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Sunday, 4 September 2011

Madeleine Hartmann – Consultant Cardiologist

She is stunningly beautiful. She has long, glossy black hair. She has an IQ of 172 (there is nothing more erotic than intelligence) and earns £215,000 a year. Her legs go all the way up to her bum. She is a "mechanic in the sack" and cooks like an angel. She has read everything. She is absolutely potty about me and regards me as being exceptionally wise and creative. Without doubt, she is my all-time, number-one, favourite Cardiologist.

Alas, I made her up.

If she existed, I would have every reason to treat any pronouncement on heart disease from her luscious lips as Holy Writ – nearly.

The Natural Sciences are not like Mathematics. Truths in Physics and Physiology are not cast in stone. Fashions prevail – sometimes briefly. Last century's fashion might have been for Land Bridges to explain similar organisms on different continents. We now have a theory which explains more – Plate Tectonics. Current orthodoxy on stomach ulcers is very different from the orthodoxy of the 1980s.

Sciences progresses – it does! It progresses by fits and starts.

Where am I going?

Science progresses when scientists have the courage to stick their necks out – to question the consensus.

Indubitably, there are areas of scientific endeavour in which pretty well everybody agrees – no one is rocking the boat. I suppose that this would be true of at least 90% of the contents of undergraduate textbooks in Physics, Chemistry, Electronics and a host of other disciplines.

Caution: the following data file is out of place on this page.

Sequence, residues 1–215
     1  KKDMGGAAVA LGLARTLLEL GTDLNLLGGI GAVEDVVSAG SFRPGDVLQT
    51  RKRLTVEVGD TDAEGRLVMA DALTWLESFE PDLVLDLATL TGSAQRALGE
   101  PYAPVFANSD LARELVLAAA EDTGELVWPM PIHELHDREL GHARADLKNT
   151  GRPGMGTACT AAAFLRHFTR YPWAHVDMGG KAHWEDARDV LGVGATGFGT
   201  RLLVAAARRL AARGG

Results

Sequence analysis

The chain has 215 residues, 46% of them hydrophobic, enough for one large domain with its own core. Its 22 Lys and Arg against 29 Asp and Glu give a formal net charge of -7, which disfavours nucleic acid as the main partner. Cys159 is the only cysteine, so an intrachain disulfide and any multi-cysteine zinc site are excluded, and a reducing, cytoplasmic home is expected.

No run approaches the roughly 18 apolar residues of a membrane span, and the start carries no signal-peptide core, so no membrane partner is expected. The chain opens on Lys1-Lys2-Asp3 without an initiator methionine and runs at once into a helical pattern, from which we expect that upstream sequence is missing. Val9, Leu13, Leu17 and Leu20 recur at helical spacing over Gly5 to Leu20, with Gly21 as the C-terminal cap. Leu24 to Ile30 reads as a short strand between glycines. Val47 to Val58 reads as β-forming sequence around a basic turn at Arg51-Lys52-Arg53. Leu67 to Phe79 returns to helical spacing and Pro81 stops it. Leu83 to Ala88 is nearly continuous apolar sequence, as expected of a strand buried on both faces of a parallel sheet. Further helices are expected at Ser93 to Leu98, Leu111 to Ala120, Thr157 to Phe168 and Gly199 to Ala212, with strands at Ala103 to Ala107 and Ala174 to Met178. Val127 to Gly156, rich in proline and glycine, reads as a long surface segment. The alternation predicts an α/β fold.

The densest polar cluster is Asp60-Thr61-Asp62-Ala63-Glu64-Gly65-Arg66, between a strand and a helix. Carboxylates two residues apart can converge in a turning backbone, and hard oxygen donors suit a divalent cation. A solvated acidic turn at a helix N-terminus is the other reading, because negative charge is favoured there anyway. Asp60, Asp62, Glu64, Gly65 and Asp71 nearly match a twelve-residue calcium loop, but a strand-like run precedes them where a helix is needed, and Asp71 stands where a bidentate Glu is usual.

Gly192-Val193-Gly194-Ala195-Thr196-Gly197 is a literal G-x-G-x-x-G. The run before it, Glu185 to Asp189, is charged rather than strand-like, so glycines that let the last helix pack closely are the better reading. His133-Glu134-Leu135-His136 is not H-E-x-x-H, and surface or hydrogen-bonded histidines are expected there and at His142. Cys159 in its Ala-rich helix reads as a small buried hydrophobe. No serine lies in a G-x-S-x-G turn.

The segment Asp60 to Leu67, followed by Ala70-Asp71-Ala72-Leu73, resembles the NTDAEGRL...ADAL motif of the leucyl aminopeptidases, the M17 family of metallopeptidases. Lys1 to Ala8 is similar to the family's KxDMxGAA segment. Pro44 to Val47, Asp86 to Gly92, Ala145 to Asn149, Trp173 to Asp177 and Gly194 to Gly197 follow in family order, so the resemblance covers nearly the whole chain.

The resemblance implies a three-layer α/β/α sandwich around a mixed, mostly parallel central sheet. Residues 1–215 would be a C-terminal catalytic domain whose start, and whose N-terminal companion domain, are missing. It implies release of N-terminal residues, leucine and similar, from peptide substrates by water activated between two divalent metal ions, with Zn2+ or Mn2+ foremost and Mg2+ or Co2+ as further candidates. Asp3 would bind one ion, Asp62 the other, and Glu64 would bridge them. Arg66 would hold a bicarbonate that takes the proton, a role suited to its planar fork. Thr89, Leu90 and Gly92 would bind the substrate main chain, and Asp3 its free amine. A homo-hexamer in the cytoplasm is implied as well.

An aspiring PhD in most subjects would be wise to heed the advice of his supervisor: "Well, son, Professors X, Y & Z have opened up some very interesting lines of enquiry – how about one of these for your research? If your thesis makes the grade, there are likely to be funds available to take it to the next stage." A promising career and a possibly useful contribution loom large.

Bolshie you, however, counters with, "I have heard rumblings to the effect that, Professor W's theory of Q is holed below the water-line. I'd like to have a look at that."

Long silence.

"Professor W is an old friend of mine. He has been an external examiner for half a dozen of my doctoral students – all of whom are now well established in their careers. He is the Editor in Chief of Proceedings of the Royal Society of... He has been spoken of as a possible Nobel Laureate in our subject for his highly regarded work twenty years ago on Q. Oh, and he is about to be appointed Chair of the Government's Science Research Grants Committee."

Of course you would have to be some kind of insane maverick to ignore this warning. Or a hero.

Mavericks are, needless to say, often wrong and sometimes insane.

Occasionally they turn out to be right. Sometimes they win a hearing with a minority. Sometimes (nowadays) their ideas appear on the internet. A YouTube broadcast is as likely to contain idiocy as wisdom.

Below is a lecture questioning the near universal prescription of statins to counteract elevated levels of cholesterol.

A Cardiologist who Might be Worth Listening to.

He is speaking to a conference organised by Doctors for Disaster Preparedness. These guys do not check out your Political Correctness before inviting you to speak.

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